Maryland's handgun licensing law challenged in federal court

A Second Amendment organization has joined with a gun store and local citizens to challenge Maryland’s 2013 permit-to-purchase law in federal court.

Maryland Shall Issue, Atlantic Guns and four Maryland residents named Gov. Larry Hogan and state police officials as plaintiffs in a case challenging the state’s Handgun Qualification License requirements in a Baltimore federal court last week.

The group claims the licensing process, required to buy handguns in Maryland, is lengthy, expensive, invasive, and — worst of all — unnecessary since buyers already need a federal background check at the point of sale.

Maryland Shall Issue said the requirements create obstacles that block residents from exercising their right to buy a handgun, and few people have the time, money and understanding to navigate the bureaucracies. “That result is wrong and simply cannot be meekly accepted without a fight. That fight is now on,” the group said.

The state adopted the qualifications as part of the new Firearm Safety Act, which lawmakers passed three years ago in the wake of the Sandy Hook shooting in Newtown, Connecticut that claimed the lives of 26 students and faculty.

Signed by Democrat Gov. Martin O’Malley, the measure included not only the permit to purchase scheme brought in to court by last week’s lawsuit, but also an assault weapon ban and other measures that led to firearms maker Beretta moving some operations out of the state.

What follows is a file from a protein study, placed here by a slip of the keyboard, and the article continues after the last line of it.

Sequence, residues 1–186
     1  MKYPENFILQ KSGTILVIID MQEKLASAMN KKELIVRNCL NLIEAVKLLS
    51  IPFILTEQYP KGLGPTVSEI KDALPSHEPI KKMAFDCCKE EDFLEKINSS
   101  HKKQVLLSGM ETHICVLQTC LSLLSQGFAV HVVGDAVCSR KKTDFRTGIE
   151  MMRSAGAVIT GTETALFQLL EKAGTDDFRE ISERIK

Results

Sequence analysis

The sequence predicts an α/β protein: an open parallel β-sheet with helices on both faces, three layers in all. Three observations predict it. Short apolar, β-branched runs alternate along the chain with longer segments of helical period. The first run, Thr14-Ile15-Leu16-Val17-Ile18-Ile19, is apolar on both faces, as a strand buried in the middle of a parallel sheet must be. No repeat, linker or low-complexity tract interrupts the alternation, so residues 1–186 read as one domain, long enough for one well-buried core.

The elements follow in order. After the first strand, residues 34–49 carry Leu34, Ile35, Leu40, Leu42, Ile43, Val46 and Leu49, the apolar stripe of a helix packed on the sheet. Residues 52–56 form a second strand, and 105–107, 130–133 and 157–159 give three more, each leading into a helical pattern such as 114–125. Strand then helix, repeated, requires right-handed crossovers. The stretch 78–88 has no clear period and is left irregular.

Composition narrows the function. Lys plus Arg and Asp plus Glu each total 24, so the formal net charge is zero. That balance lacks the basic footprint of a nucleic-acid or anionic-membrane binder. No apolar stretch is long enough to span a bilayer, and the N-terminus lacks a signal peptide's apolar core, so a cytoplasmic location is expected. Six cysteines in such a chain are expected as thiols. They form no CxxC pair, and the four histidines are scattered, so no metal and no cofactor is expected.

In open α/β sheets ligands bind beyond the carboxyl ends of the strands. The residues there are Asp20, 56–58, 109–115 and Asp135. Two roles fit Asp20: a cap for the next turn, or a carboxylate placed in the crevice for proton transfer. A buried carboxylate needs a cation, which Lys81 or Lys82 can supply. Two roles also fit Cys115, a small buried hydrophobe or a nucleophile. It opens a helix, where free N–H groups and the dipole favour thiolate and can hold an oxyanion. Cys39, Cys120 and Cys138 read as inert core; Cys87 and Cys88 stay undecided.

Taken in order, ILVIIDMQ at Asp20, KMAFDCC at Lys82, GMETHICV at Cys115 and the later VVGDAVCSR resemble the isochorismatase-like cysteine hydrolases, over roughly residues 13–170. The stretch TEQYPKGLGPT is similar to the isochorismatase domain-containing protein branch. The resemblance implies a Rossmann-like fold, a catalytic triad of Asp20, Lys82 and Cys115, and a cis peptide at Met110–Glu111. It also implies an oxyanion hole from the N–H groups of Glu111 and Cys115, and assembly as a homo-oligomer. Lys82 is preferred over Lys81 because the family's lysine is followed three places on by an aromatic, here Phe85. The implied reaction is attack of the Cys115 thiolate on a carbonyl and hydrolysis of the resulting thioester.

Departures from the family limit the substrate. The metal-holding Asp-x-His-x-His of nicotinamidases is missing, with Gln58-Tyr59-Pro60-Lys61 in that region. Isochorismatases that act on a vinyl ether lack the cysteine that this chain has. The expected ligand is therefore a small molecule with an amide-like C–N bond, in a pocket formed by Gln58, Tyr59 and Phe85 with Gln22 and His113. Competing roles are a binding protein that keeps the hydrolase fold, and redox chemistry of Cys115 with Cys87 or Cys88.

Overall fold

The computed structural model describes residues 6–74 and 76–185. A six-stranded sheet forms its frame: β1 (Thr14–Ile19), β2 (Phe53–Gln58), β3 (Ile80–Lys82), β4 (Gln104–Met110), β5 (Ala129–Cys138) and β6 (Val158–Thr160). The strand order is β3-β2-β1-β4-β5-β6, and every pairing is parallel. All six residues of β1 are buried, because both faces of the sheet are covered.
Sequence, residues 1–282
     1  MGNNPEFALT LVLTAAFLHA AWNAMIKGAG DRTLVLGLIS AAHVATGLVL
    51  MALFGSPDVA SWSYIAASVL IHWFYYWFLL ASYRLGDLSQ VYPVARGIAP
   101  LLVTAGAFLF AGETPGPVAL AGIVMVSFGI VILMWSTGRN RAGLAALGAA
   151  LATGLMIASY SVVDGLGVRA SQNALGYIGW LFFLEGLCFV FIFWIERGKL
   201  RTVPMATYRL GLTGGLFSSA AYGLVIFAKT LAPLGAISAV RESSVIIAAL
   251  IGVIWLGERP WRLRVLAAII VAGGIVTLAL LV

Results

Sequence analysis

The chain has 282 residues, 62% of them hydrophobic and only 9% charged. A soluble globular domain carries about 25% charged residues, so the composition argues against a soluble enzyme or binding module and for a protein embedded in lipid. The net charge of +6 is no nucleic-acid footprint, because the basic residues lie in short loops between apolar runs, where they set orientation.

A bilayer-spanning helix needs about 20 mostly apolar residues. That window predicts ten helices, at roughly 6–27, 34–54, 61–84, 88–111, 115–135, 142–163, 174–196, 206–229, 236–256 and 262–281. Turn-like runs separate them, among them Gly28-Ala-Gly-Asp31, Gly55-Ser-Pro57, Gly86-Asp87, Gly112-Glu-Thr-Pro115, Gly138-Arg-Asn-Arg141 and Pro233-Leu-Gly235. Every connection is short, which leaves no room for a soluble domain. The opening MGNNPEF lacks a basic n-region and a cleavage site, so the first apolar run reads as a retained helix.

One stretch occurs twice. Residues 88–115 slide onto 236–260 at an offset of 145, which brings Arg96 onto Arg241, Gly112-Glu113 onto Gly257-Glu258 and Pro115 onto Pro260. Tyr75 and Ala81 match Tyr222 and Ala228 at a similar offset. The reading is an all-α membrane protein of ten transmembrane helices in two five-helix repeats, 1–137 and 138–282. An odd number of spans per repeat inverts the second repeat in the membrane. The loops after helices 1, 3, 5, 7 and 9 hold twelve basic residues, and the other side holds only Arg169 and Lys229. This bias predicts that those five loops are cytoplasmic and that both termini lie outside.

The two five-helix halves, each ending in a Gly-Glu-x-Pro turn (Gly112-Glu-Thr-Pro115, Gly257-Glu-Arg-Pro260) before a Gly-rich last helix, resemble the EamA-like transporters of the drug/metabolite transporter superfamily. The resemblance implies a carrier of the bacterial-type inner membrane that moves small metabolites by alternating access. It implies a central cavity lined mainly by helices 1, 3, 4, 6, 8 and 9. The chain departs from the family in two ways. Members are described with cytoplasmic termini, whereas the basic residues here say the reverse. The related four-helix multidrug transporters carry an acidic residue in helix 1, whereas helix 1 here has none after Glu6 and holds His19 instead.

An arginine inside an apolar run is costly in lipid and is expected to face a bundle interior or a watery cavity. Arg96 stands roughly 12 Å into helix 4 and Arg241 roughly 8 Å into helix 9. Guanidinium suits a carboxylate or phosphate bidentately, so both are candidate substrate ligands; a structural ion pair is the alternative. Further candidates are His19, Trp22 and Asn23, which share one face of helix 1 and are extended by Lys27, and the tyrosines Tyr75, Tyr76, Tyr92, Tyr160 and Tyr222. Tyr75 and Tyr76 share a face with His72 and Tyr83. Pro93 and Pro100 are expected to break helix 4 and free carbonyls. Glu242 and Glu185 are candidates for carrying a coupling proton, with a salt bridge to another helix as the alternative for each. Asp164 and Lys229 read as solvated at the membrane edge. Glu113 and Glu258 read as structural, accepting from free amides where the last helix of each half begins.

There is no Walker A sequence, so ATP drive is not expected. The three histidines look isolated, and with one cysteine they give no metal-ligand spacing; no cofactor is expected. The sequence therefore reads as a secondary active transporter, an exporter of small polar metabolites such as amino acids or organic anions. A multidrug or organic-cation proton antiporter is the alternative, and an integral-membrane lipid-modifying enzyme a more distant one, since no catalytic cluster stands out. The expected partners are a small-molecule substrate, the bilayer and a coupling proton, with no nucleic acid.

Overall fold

While the ban is being debated in a long-running lawsuit and state lawmakers pursue additional measures, the latest legal challenge sets its sights only on the permit to purchase scheme.

Under current guidelines, the Maryland State Police collect a $17 fingerprint fee, $18 to check state criminal records, a $14.50 charge to do the same for federal criminal records, and a $50 application fee. This is over and above any cost associated with the mandatory four-hour firearms safety course. In short, plaintiffs hold an applicant can pay hundreds of dollars and have to seek out sometimes hard to find approved instructors to take the live-fire course, all before they are allowed to buy a handgun in the state.

“The underlying intent and practical effect of these requirements is the disenfranchisement of Second Amendment rights for the poor and disadvantaged who may be concentrated in such urban areas and who may lack the means to travel to rural areas for live fire instruction,” according to court documents.

Besides the fees, plaintiffs argue the average current wait time for an HQL is 28 days and, even after it is granted, the state requires a further seven day waiting period before it can be used to buy a handgun. They hold this can put months between a desire to purchase a pistol or revolver for home protection and actually acquiring one.

The plaintiffs are seeking to enjoin the state from enforcing the current mandates on Second Amendment grounds as well as reasonable attorneys’ fees and costs.

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